Trinity Mirror announced yesterday they were closing two of their local papers in South Wales – the Neath and Port Talbot Guardian papers.
Cost implications have been cited in a move that will cut a number of journalist’s jobs (although this is part of a company-wide move in Trinity Mirror which has seen another set of redundancies announced in Birmingham).
Alun Edmunds, the publishing director for Media Wales, said the readership will still be served by Trinity who will cover the area with The Western Mail.
That’s good to hear, but it does leave a problem – there’s a huge difference between having your own local paper which devotes all its coverage to what is happening in your community and having the big local covering events from over 40 miles away. Continue reading
Donica Mensing presented an interesting paper at Future of Journalism Conference, in Cardiff, looking at how journalism schools are basically training journalists in their own image – do we create people with the skills to survive in the networked world or are we helping them socialise in the existing newsroom with training/education and internships/work placements.
She made some very interesting points about how that needs to change and highlighted projects like our tahoe, Albany Today (from her own j-school) and News Mixer as projects which require young journalists to “set up shop” and engage in the networked communities and the community on their own doorstep.
We need to rethink our own practices within the academy and make our purposes and obligations more explicit
She added that educators need to
teach students to value innovation, uncertainty and experimentation
There are issues that Mensing outnlined here regarding timetable, collaborating with disperate groups, rewarding innovation and experimentation (something tough in the traditional academic setting) and the difficulty in faculty being able to make community commitments.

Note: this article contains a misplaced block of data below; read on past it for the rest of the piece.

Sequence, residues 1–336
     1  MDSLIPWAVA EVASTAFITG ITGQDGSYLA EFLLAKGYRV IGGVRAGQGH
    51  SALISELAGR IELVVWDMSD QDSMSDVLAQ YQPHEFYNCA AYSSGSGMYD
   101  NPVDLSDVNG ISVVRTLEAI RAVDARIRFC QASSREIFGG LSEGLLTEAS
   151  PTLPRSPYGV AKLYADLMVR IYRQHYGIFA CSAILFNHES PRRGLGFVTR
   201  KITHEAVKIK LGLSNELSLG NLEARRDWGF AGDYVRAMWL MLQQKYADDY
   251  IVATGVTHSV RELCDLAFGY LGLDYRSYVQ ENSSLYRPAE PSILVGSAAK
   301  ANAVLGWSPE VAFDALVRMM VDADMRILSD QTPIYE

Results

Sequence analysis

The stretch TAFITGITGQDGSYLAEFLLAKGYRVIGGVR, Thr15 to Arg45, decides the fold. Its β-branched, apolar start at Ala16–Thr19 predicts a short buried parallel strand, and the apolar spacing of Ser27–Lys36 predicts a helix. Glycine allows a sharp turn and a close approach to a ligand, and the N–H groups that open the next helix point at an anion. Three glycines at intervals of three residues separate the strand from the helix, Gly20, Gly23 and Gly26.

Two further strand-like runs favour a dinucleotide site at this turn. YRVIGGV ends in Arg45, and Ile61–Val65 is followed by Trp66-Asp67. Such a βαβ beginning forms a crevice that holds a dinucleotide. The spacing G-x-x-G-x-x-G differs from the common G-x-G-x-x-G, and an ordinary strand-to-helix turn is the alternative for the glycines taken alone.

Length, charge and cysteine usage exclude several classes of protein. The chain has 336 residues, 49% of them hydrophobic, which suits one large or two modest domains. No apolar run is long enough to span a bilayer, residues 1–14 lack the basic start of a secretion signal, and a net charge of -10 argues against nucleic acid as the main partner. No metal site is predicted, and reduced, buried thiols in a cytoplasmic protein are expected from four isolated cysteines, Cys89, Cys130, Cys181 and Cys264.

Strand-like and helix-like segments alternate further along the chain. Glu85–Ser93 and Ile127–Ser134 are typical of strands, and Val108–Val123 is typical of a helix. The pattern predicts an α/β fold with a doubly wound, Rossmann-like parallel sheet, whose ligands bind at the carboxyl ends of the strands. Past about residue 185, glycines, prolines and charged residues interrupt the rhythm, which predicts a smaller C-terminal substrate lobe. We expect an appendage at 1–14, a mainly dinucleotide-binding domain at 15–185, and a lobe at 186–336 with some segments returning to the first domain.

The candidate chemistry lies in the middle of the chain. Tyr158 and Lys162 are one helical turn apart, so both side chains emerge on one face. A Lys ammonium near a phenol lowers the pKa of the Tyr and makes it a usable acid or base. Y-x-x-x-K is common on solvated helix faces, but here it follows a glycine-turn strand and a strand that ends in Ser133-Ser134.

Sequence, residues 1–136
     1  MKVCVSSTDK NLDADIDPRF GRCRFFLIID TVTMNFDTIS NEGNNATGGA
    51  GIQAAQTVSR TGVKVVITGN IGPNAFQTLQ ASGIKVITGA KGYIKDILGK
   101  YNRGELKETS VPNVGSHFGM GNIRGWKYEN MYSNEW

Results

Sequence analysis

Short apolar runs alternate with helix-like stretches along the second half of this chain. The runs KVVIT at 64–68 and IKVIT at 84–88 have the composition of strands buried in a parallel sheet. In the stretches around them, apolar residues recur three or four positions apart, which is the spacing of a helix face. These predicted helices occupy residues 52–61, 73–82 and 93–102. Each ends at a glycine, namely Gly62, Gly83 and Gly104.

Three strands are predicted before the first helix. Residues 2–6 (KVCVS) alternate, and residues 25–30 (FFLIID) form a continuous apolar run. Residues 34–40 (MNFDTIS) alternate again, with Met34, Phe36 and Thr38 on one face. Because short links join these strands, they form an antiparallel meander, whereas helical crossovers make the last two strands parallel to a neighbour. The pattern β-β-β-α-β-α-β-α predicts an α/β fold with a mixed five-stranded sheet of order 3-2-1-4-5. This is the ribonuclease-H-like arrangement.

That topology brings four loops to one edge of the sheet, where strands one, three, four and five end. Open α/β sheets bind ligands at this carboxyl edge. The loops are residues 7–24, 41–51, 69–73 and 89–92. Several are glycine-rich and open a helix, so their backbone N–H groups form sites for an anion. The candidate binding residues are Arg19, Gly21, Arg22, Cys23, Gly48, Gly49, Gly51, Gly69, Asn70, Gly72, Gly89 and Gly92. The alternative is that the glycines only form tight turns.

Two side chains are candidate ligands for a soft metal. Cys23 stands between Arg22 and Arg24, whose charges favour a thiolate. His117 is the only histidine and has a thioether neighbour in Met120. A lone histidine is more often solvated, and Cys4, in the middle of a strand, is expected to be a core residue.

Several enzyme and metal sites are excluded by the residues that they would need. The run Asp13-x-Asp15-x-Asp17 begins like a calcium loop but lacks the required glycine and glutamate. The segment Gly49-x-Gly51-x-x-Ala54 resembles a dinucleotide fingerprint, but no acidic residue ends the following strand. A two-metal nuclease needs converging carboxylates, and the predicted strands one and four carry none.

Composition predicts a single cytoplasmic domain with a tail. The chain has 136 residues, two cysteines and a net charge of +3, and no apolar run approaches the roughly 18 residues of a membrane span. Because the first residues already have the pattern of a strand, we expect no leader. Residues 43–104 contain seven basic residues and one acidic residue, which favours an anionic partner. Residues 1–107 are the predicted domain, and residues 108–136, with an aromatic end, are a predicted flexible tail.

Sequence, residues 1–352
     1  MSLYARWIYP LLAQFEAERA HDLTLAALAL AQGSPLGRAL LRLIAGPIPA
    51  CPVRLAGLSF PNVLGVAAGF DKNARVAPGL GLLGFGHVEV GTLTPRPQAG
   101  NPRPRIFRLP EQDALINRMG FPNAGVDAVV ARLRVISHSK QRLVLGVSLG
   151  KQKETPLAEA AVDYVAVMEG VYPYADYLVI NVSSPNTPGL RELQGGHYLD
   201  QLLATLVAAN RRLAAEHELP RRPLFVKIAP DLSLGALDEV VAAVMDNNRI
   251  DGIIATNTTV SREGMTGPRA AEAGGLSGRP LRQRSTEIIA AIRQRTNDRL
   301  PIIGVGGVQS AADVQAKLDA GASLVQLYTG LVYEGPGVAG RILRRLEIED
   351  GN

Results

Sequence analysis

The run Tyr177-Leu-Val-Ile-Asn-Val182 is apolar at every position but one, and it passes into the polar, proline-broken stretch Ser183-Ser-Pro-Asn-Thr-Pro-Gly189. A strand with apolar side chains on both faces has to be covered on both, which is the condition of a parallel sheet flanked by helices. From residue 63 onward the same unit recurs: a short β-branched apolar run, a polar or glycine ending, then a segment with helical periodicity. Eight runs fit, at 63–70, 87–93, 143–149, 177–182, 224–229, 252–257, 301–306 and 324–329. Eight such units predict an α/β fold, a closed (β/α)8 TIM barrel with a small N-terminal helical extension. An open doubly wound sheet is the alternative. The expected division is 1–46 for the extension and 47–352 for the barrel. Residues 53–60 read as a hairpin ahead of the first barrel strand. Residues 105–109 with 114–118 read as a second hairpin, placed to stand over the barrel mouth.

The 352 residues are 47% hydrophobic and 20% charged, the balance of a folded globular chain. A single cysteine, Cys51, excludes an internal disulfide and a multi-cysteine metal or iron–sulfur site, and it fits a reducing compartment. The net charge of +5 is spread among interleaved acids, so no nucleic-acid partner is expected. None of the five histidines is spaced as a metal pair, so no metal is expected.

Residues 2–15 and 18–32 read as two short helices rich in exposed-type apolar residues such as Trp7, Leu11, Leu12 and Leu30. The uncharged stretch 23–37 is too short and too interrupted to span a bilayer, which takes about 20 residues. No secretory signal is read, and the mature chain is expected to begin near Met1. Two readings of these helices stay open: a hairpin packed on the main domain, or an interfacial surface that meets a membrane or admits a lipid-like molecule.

One interesting thing cropping up from the plenaries at the Future of Journalism conference is the reinforcement of the idea that there is no one size all.
This was something that cropped up when I managed to blag a coffee with the editor of The Hindu a little while ago.
At the conference, Bettina Peters of the Global Forum for Media Development questioned whether it was appropriate to try and export business models from the developed world to the developing world.She went on to discuss the need for collaboration between the North and South hemisphere, getting educators and journalists involved in sharing ideas and knowledge.
She gave an example that journalists in Nigeria might be equipped to support journalists in Romania – even though the constraints they face may be very different.
Mixed models and the sharing of ideas are key ideas cropping from the plenary, should be an interesting couple of days.
The Future of Journalism Conference is taking place at Cardiff University‘s School of Journalism, Media and Cultural Studies over the next couple of days.
If you’ve not been able to get down here – and places were pretty limited given the number of people presenting – you can watch the plenary stream online.
There’s also a Flickr group and the conference Twitter account and hashtag #foj09.
I’ll be posting sporadically throughout the conference.